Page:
Irritable bowel syndrome (IBS) is a common disorder that causes discomfort and distress to the large intestine (the colon). Signs and symptoms include cramping, abdominal pain, bloating, gas, diarrhoea and constipation. Some have diarrhoea, some have constipation, and some alternate between the two.
The statistics around IBS is not known due to the difficulty in diagnosing the disorder and because few people (only 1 in 20) go to see a doctor about their symptoms. However the Ministry of Health estimates that IBS affects about 7% of New Zealanders.
Strictly speaking, IBS is not a disease – it is a group of symptoms that occur together. IBS is still a chronic condition which can cause a significant impact in the health and lives of people affected. We can also think of IBS as an umbrella term that can be applied to different conditions such as spastic bowel, spastic colon, mucous colitis, colitis and functional bowel disease.
More serious signs and symptoms include: weight loss, diarrhoea at night, rectal bleeding, iron deficiency anaemia, unexplained vomiting, difficulty swallowing and persistent pain.
There are many common causes of IBS, such as stress, sensitivities to gluten, dairy or other foods, lack of fibre in the diet, infection, malabsorption, hormonal imbalances, gut microbe imbalance (including changes in bacteria, fungi and viruses), environmental sensitivities and endometriosis.
Symptoms of IBS can be triggered by Food and Stress:
Food. A true food allergy rarely causes IBS. But many people have worse IBS symptoms when they eat or drink certain foods or beverages, including wheat, dairy products, citrus fruits, beans, cabbage, milk and carbonated drinks.
Stress. Most people with IBS experience worse or more-frequent signs and symptoms during periods of increased stress.
Inflammatory bowel disease (IBD) has similar symptoms to IBS, but is an autoimmune disease.
There are approximately 15,000 people in New Zealand affected by inflammatory bowel disease (IBD). With IBD the body attacks the digestive system, causing the intestines to become inflamed (red and swollen), leading to symptoms such as diarrhoea and stomach pain. Two major types of IBD are Crohn’s disease and ulcerative colitis. Crohn’s disease can occur in any part of the intestine while ulcerative colitis only affects the large intestine (colon).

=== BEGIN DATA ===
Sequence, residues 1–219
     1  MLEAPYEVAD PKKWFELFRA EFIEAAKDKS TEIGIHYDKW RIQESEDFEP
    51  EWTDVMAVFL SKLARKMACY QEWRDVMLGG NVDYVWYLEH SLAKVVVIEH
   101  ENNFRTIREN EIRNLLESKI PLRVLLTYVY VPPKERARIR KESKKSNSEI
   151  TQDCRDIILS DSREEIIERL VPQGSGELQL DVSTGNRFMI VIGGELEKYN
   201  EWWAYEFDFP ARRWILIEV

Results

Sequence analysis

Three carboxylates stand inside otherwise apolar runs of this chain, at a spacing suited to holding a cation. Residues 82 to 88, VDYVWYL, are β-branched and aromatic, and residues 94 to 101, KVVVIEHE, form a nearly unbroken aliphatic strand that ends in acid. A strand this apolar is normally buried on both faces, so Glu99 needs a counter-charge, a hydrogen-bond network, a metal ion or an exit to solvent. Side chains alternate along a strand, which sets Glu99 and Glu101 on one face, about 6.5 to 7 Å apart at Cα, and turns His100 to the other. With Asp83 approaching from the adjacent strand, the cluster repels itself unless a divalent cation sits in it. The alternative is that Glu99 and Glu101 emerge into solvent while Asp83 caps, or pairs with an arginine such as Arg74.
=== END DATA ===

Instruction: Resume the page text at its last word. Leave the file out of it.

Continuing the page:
“For IBS, a personal approach is required. There is no one solution that fits all, and changes need to be made based on what works for each individual.”
How I can help you
Alongside my endometriosis, I suffered daily with bouts of IBS which saw my stomach swell up and put me in agonising pain! (You can read about my story here). At the time I had little understanding of how much my diet was impacting my IBS.
For IBS, a personal approach is required. There is no one solution that fits all, and changes need to be made based on what works for each individual. By avoiding trigger foods, adding additional nutrients to the diet, and making positive lifestyle changes, we can give our intestines an opportunity to heal.
I have had much success working with clients on calming down their IBS symptoms. We take a gentle approach to changing diets, and a tracking process to work out what a person’s biggest trigger foods that have the biggest impact on their IBS symptoms are. Often I find clients can reintroduce these same trigger foods after a period of elimination.
If you suffer from the symptoms of IBS or have been diagnosed with IBS or IBD, please do book in for an Initial Consultation to discuss how I can help.